If anyone out there is begining OOAD, like me, you might be interested in the second maintenace task proposed by Russell in his ATM simulation example. It says like that:
Many ATM's have cash dispensers that can handle two different denominations of bills - often $20 and $5 - which allows a user to request cash in any amount that is a multiple of $5. Suppose the cash dispenser in the example (which only handles $20 bills) were replaced with such a dispenser. What changes would be needed to take advantage of the enhanced capabilities of such a dispenser?
I have modified it to allow bills of $50 , $20 and $5 to be dispensed in combinations, that follow that order as long as there are bills available, to satisfy the requested amount. You can enter 0 for any amount to simulate an ATM that only holds certain types of bills. This is a description of the changes I made: You can jump to e where the question is. a) The CashDispenser class no longer holds an attribute cashonHand of type Money, but an instance of purse. b) The methods checkCashOnHand and dispenseCash in the class CashDispenser were modified to deal with purse instead of cashonHand. c) The methods that in the System Startup took a simple instance of Money, take now an array of Money to holds the amounts introduced by the operator in different types of bills. d) The class Money was added a module method. e) The class Purse holds an array of Money representing each element an amount of dollars in different types of bills. First one the dollars the cashier has in $50 bills, second one in $20 bills, and the third in $5. Thus I decided to model the types of bills as Money instances. No new classes were added here. However these instances of Money are somehow treated differently by the program. For instance at the time of creation the number of bills of type $50 is multiplied by 50, while creating the instance that holds the amount hold in $20 bills, is multiplied by 20. Also the algorithm that calculate in how many bills of a certain type will be decomposed the amount to be dispensed, has to be aware of which type is dealing with. Though the way in which the program deals with the variation of the types of bills present seems under control, would have a more object oriented solution added some value ? For instance, having modelled $50, $20 and $5 as units of Money. The way the program deals with the variation in the types of bills is just figuring out how many different bills are possible, and the programmer should create the Money array of the maximum possible length. This the new ATM2.jar ATM simulation ATM simulation 2 ATM simulation 4 [ September 01, 2002: Message edited by: Jose Botella ] [ September 03, 2002: Message edited by: Jose Botella ]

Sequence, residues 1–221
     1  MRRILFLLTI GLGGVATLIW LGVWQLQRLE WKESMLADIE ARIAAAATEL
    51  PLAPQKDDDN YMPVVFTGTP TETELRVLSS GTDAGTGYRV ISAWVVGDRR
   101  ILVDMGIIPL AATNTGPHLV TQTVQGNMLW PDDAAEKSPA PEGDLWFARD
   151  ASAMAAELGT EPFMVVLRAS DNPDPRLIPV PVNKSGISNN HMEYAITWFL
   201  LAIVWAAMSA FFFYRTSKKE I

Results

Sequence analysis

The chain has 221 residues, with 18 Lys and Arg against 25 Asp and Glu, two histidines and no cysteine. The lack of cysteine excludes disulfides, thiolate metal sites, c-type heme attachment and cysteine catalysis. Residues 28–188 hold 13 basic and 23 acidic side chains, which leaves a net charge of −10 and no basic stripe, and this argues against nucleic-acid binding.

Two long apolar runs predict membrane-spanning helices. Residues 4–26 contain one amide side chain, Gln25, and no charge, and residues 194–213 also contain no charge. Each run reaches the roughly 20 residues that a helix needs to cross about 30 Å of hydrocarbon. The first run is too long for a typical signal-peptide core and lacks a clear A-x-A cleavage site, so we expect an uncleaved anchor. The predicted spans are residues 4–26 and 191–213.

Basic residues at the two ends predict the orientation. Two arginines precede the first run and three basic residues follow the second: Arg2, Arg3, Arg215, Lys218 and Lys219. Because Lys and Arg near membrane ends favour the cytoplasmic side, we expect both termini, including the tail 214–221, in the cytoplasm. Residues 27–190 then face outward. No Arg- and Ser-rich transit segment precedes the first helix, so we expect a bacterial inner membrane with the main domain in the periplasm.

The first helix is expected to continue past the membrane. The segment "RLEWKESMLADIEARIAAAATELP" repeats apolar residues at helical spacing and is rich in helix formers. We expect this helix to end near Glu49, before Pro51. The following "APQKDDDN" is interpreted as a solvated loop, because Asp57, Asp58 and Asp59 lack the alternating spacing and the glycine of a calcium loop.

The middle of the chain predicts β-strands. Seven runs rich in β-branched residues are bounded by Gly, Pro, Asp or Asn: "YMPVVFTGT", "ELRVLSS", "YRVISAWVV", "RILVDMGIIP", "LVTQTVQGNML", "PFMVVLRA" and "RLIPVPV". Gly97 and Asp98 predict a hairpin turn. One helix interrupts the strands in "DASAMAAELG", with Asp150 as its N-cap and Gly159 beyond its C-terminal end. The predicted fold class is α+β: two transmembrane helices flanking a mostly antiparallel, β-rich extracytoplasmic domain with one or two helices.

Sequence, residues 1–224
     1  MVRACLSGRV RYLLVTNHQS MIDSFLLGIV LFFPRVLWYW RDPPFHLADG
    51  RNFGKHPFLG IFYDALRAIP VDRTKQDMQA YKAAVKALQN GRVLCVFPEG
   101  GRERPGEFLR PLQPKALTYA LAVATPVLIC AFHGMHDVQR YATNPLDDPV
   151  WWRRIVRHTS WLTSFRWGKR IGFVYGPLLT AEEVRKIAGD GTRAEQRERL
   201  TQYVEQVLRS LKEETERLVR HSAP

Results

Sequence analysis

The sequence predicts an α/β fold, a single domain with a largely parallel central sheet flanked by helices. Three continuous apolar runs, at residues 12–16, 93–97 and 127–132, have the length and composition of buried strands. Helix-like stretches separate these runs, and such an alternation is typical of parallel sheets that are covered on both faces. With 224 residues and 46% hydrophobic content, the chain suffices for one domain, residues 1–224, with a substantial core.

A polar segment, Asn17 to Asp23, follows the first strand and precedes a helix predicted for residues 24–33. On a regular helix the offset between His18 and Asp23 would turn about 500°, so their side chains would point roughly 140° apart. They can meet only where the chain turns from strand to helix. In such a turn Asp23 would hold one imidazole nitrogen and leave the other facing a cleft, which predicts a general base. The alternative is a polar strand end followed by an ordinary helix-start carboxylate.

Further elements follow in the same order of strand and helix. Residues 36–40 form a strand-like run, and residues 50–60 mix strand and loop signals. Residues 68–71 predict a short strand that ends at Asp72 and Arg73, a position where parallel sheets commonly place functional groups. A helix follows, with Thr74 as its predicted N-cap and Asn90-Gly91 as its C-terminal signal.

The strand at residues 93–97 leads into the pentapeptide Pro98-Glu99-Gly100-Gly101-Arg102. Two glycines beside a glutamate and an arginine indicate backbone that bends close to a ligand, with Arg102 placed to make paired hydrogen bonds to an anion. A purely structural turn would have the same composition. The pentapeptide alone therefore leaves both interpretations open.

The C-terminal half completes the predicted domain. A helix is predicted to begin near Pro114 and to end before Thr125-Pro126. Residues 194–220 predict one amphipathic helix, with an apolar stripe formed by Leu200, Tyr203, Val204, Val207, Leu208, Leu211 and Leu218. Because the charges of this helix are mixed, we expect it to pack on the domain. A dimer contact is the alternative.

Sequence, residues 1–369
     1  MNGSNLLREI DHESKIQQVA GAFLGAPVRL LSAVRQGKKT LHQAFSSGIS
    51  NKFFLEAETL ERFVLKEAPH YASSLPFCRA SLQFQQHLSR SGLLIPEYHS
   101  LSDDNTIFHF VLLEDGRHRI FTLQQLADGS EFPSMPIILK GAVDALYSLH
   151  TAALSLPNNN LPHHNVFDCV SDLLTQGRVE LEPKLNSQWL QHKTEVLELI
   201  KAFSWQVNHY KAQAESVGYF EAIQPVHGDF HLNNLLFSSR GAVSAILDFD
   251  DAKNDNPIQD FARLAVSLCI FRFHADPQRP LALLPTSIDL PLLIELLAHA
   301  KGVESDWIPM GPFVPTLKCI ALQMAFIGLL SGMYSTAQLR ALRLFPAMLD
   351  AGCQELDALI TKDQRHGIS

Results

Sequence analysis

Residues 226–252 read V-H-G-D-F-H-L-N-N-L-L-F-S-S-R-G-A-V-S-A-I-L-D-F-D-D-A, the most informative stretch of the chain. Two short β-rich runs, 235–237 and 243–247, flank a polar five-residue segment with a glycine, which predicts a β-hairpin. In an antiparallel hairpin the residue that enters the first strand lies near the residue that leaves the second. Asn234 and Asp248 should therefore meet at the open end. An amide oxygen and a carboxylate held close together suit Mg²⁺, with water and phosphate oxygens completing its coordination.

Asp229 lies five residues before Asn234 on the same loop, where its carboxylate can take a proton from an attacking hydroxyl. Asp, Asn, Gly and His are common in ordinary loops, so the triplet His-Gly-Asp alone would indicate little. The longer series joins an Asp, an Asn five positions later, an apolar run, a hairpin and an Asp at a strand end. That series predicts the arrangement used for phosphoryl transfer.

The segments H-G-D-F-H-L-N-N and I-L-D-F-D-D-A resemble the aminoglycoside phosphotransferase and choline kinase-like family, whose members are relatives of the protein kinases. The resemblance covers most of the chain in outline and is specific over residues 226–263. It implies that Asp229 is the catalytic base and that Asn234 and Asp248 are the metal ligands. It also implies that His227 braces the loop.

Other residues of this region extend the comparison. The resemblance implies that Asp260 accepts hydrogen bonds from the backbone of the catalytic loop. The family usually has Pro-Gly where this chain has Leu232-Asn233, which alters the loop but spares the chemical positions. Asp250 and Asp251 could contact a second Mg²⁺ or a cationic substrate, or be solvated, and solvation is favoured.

SCJP2. Please Indent your code using UBB Code
Joined: Jul 03, 2001
I think this has to do with refactoring. Current situation: warning pseudocode ahead
drawbacks: Adding more bills imply to modify both arrays. As I said above simply figure out how many different types of bills are possible, and make the array of that size beforehand. However this implies that if ATMs with several combinations of bills are likely, the method (name it A) that calculates how many bills of each type are required to dispense the requested amount, must take into acount that some of the elements of purse aren't going to be used. We can refactor to the following scenario:
This associative array makes explicit the relationship between the elements of the same level in the arrays purse and BILLVALUE. Also unlike the array implementation, using a text file to read the types of bills a given ATM will hold -data driven approach- there isn't a need for the "method A" to take into account the type of bills not supported by the ATM. drawback: Money hasn't overriden equals or hashCode. You are forced to touch Money class again. Now I will try to compare these approaches to a more proper object oriented solution: We�ve seen a relationship between the amount of dollars hold in bills of a certain type, and a money instance representing that type of bill. Just model that relationship as an attribute of the class Money.